Everyone knows what happened in 2020: COVID. Before it began to close down cities, I published a third title in my “small books” series. That was
Adventures in Self-Publishing: And Other Escapades, which came out in February. I had decided, after publishing the second of these titles, Scrape, Rattle, and Roll, that I didn’t need more than two such books to sell at events.
But then I realized that I had almost a dozen different blogs on my experiences with self-publishing from 2010 to 2020, and that people interested in self-publishing might want to read these in book form (as opposed to finding them scattered among my 200 blogs). Adventures was my final book in this experiment. These books do sell at events, but they seldom sell anywhere else. They were fun to put together, but now I’m done with them.
During 2018 and 2019 I was working on a middle grades book at the same time I was rewriting my YA novel, The F Words. That book was Cookie the Cockatoo: Everything Changes, the story of Cookie, the longest-lived resident of the Brookfield (Illinois) Zoo. Cookie came to the Zoo in 1934 and died in 2016. The book looks at some of the many, many world changes that occurred during Cookie’s lifetime, and explores what Cookie’s attitude toward them might have been.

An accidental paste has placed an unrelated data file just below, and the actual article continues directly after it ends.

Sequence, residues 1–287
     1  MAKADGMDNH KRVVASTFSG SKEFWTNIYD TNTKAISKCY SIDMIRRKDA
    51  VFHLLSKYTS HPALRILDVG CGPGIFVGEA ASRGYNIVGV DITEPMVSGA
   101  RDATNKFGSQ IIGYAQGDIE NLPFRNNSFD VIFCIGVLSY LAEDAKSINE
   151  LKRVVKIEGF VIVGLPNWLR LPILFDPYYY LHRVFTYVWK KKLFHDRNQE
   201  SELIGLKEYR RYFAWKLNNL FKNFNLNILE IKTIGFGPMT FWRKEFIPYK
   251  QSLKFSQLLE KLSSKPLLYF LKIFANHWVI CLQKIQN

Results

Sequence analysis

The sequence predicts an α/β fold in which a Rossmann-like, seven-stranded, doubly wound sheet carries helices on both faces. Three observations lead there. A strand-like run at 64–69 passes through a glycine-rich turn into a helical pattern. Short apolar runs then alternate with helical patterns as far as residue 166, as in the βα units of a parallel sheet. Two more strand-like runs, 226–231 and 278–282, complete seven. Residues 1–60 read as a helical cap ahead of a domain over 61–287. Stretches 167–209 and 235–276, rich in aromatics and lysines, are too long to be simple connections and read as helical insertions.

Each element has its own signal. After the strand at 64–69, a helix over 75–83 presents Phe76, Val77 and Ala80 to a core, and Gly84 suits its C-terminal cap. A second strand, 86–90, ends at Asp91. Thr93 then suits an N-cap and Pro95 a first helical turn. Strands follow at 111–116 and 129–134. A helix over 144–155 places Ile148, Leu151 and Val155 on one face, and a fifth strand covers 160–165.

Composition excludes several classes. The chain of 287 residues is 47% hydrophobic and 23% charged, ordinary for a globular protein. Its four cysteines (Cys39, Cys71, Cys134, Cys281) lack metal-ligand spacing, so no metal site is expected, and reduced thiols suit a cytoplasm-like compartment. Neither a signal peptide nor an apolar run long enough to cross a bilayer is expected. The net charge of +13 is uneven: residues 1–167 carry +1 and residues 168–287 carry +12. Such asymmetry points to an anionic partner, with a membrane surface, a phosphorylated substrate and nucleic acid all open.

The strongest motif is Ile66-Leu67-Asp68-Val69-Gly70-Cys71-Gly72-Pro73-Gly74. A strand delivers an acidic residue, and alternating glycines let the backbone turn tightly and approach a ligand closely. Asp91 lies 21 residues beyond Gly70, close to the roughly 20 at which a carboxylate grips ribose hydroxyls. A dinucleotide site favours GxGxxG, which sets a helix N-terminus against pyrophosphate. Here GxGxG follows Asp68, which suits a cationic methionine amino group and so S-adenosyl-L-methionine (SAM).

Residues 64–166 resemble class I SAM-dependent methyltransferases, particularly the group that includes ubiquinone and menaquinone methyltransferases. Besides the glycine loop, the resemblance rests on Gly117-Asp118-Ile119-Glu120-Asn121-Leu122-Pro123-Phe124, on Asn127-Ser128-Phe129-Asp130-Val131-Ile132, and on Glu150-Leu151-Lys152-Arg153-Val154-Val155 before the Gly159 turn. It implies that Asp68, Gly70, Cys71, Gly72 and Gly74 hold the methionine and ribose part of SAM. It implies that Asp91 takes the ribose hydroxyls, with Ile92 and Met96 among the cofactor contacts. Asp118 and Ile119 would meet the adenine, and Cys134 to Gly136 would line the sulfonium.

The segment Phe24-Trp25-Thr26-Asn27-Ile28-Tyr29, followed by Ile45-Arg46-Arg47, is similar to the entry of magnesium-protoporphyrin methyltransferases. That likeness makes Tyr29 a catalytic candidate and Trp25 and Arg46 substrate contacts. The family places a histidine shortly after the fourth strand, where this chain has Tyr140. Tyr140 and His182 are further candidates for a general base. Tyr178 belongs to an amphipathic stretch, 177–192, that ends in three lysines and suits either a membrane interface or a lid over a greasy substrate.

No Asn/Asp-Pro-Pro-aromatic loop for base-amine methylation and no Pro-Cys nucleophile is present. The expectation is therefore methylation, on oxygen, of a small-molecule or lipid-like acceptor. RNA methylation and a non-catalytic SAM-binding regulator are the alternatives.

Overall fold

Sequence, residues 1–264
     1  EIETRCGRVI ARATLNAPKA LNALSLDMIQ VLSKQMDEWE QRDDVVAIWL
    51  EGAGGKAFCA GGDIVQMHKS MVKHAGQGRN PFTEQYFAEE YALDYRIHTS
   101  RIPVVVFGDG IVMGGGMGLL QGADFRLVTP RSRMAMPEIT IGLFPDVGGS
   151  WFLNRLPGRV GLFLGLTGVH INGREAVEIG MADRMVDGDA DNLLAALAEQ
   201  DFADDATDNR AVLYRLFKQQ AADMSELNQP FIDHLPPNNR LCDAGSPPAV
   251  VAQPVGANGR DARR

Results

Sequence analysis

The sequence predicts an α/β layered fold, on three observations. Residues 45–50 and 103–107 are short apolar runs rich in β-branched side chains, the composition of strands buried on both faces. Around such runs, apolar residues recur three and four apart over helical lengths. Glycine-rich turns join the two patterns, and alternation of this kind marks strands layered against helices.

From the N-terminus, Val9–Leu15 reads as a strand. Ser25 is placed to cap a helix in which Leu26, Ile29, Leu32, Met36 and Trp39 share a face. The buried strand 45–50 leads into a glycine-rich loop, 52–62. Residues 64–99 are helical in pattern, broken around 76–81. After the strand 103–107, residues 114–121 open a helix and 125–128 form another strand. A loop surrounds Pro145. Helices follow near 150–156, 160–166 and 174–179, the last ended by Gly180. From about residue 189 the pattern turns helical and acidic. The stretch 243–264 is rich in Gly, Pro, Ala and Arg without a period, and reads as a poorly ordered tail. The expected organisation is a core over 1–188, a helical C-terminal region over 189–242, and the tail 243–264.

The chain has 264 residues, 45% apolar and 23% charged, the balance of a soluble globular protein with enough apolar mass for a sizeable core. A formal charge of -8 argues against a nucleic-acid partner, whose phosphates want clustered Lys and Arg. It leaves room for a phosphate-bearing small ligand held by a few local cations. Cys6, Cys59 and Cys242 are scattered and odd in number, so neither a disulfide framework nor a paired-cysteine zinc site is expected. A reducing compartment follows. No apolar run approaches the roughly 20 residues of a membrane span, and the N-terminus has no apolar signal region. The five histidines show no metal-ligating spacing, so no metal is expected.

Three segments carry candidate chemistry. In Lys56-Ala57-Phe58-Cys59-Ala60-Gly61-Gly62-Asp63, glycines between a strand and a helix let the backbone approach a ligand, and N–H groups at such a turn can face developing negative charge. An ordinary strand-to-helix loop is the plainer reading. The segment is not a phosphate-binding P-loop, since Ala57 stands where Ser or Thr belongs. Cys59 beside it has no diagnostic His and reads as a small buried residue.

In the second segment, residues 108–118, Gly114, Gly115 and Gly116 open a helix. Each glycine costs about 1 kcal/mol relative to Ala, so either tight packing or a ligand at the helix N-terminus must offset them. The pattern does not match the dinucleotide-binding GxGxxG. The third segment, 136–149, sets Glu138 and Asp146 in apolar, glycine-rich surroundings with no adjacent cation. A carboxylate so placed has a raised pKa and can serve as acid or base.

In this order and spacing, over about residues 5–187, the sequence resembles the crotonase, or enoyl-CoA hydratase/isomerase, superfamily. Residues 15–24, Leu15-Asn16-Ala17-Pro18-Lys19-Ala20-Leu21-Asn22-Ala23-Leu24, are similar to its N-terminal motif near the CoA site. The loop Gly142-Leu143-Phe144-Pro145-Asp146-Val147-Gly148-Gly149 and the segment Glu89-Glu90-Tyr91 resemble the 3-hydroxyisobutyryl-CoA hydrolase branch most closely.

Because I had this book ready, and because I had encountered the same kind of rejects on it as I had with Jack and Larry, I decided I would go ahead and self-publish it. It came out in April 2020.
This turned out to be a mistake, to publish during the first year of COVID. I’ve talked to other authors who had books come out in the February-September 2020 period, and most of us feel as if our books fell into a black hole. Despite the things we did to publicize the books, it’s as if they don’t exist. As if they never existed.
I’ve never had this experience with any other book I’ve ever published, and we’re talking about forty years of publishing, from the 1980s to the 2020s. Books are published and they are reviewed. There are autographings, or newspaper articles. There are social media comments. Not so with Cookie the Cockatoo, even though I contacted all kinds of zoos, cockatoo and parrot societies, middle grades teachers, librarians. No responses of any kind. As I said, it’s as if the book fell into a black hole. I do realize that this is due to the worldwide crisis and shock.
But on a positive note, the very month that I published Cookie, I received an offer from City of Light Publishing for The F Words. I was thrilled. I signed the contract, and then began about eighteen months of pre-publication work. But that’s information for another blog.
You can read all about Biggers and his six Charle Chan novels in Charlie Chan’s Poppa: Earl Derr Biggers. And don’t forget Cookie the Cockatoo.
2 responses to “My Writing Life: 11”
Barbara, nice review and what an interesting idea, the books featuring some of your blogs! That’s such a shame about Cookie’s book. Personally, I thought it was a page turner!